From Bethlehem to Kyoto

Thomas Matarazzo, '15 Ph.D., discusses how his five years studying structural health monitoring at Lehigh has prepared him for an NSF-funded post-doctoral role at Kyoto University


Thomas Matarazzo and Shamim Pakzad
Thomas Matarazzo (left) stands alongside his advisor Shamim Pakzad, associate professor of structural engineering, at the former's hooding ceremony earlier this year.
 

Stanford or Lehigh?

It was a question Thomas Matarazzo spent months mulling over in the spring and summer of 2010, but it's one he jokes about today with his former professors, now colleagues in civil engineering research.

Matarazzo completed his Ph.D. in structural engineering at the latter school earlier this year, a culmination of nearly five years of intensive work that has set him on a path to Kyoto University as an NSF-funded post-doctoral researcher in the world famous Disaster Prevention Research Institute. But he still remembers those anxiously exciting few months when he was making that important decision.

Matarazzo had just completed his B.S. in civil engineering from Manhattan College, and he knew graduate school was next. "I didn't have a specific, detailed plan," he said, "but I thought grad school was something I'd be good at, and I figured that once I got started, it wouldn't take long to figure out what might come next."

It actually happened before he even arrived for his first semester in Bethlehem. A summer meeting with Shamim Pakzad, associate professor of structural engineering and Matarazzo's eventual Ph.D. advisor, presented Matarazzo with an opportunity to join a research team looking into a new way to conduct structural health monitoring. "It's doing system identification, which is the process of identifying natural frequencies and other vibration properties in existing structures using sensor data," he said. "This has been going on for a while, but Dr. Pakzad's idea was to do it with sensors that are moving over a bridge."

As Matarazzo explains, a structure's vibrations are like a fingerprint unique to each one and recording the way these vibrations dissipate or resonate in the system is vitally important to determining whether the structure is ready to withstand forces like wind and seismic activity. The idea to use mobile, rather than static, sensors to capture this data enables engineers to capture more data from more positions. It's also less expensive and easier to implement.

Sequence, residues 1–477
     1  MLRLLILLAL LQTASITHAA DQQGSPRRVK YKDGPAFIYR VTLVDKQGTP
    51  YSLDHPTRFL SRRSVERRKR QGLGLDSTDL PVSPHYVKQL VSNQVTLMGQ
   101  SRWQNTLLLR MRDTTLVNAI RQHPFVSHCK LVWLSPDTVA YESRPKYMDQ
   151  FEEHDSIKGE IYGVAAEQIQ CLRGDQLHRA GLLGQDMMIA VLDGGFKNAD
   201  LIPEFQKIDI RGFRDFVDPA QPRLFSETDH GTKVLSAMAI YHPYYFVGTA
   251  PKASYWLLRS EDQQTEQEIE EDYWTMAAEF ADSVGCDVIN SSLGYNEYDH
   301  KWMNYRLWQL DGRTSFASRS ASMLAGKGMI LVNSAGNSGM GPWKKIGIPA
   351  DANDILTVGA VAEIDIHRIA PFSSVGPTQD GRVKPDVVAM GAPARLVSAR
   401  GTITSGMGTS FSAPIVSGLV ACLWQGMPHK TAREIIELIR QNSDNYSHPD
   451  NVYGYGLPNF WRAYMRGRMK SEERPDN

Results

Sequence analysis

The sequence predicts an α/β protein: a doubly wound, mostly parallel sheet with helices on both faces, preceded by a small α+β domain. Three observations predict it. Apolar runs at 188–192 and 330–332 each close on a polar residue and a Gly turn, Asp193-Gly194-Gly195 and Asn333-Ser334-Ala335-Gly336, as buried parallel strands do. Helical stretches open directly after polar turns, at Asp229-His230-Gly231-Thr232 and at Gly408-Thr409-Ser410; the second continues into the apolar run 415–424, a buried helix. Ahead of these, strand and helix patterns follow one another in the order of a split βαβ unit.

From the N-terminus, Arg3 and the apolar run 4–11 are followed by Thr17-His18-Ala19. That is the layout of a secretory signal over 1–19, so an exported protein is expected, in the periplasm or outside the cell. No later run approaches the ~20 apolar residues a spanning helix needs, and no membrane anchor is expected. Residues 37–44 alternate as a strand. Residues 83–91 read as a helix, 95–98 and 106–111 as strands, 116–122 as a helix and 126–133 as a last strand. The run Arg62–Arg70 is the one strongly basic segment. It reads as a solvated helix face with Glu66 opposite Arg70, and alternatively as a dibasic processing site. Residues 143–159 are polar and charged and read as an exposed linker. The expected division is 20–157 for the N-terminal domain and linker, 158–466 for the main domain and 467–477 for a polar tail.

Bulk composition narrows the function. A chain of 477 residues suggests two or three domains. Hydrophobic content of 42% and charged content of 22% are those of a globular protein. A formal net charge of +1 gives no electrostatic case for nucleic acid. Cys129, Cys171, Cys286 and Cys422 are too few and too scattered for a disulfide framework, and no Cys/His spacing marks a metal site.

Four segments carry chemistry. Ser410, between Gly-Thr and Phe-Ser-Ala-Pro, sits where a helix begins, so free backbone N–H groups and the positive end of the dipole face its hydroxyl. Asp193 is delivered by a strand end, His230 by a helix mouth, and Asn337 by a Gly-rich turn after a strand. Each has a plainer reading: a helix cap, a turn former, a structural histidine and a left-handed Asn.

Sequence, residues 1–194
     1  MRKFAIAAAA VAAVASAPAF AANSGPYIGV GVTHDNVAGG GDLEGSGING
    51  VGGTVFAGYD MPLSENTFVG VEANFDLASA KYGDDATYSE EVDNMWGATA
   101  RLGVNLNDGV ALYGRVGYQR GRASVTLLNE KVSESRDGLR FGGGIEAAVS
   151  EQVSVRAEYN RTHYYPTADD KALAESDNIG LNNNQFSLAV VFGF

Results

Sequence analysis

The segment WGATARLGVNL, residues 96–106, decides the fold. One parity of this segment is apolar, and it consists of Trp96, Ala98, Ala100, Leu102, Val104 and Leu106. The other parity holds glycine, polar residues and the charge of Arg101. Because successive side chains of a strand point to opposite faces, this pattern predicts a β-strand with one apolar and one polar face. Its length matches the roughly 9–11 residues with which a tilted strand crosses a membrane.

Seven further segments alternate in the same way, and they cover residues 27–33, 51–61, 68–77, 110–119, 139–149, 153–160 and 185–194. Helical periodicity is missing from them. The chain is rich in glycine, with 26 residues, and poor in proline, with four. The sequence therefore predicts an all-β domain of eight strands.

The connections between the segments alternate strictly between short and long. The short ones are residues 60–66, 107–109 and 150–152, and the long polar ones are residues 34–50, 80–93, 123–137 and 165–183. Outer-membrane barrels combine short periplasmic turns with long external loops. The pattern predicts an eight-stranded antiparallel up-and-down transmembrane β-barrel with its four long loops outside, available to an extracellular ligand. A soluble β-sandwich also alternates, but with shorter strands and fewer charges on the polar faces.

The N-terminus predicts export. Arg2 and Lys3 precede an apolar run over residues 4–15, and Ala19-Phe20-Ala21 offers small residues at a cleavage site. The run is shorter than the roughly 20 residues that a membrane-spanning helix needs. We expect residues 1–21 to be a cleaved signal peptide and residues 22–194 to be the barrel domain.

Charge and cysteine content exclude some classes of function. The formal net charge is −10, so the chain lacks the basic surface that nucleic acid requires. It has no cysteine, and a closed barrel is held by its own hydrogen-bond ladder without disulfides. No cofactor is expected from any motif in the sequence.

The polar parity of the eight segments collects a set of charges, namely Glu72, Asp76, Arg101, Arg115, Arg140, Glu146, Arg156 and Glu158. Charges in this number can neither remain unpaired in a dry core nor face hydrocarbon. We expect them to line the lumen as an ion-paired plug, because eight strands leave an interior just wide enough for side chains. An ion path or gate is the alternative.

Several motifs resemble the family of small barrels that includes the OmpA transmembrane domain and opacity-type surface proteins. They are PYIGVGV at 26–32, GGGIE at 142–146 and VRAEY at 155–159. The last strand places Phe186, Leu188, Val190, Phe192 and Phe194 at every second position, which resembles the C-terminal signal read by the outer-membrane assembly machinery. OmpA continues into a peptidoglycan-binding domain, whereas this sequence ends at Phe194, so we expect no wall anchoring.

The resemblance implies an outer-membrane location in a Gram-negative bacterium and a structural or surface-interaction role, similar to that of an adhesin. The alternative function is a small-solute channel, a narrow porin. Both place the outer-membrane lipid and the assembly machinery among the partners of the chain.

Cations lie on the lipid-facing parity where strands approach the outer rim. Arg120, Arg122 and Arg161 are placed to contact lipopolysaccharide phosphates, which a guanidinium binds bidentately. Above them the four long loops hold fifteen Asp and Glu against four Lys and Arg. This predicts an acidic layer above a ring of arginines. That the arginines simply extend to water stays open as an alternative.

But at the time of his meeting with Pakzad, the analytical and mathematical methods to make this idea executable were totally unknown to Matarazzo. However, he looked forward to the challenge and appreciated Pakzad's clear vision. "Looking back at everything I've done, I'm obviously really happy about the decision to come to Lehigh. The department's graduate program is truly excellent."

Matarazzo is now taking what he learned and discovered about structural health monitoring and applying it to new projects in Kyoto, an opportunity he started to pursue back in February with an NSF proposal through their East Asia Pacific Summer Institute (EAPSI).

"About 200 students were selected from my class to go to nations like China, Japan, South Korea, Thailand, Australia, and more," Matarazzo said. "They're from all the different sciences. I know someone in Kyoto who was studying trees, and another person on a small southern island in Japan observing the social patterns of monkeys. Actually, fewer than half of those participating this year are engineers, and only a handful are civil engineers."

His proposal: Go to Kyoto University and use one of its large vibrating steel frames to collect data and simulate a sensor network failure. It's a slight departure from the crux of his thesis, but it's something he discovered during his time at Lehigh that he feels there's a real need for in the structural engineering community.

"Let's say there's an earthquake, and you've collected the vibrations, but the sensors weren't perfect," Matarazzo posits. "The data is extremely important to tell you whether the structure is damaged or not, but it's also incomplete. What do you do?"

This practical application of system identification with missing data covered most of Matarazzo's summer at Kyoto. There, he worked with other post-doctoral researchers and students from all over the world China, Greece, Italy, Japan.

After a few weeks of transition time, he's heading back to Kyoto for a longer-term assignment as a post-doc, where he'll supervise and participate in several research projects that are still being developed.

Masayoshi Nakashima is both a fellow Lehigh graduate, '81 Ph.D., and the director of the DPRI. Matarazzo says he expects to work closely with Nakashima analyzing data from the world's largest shake table, which is located only miles away from Kyoto University.

Additionally, Matarazzo plans to further explore the area of structural health monitoring by applying different combinations of sensors to experimental structures to find out how to maximize both efficiently and precision in sensor networks.

By John Gilpatrick

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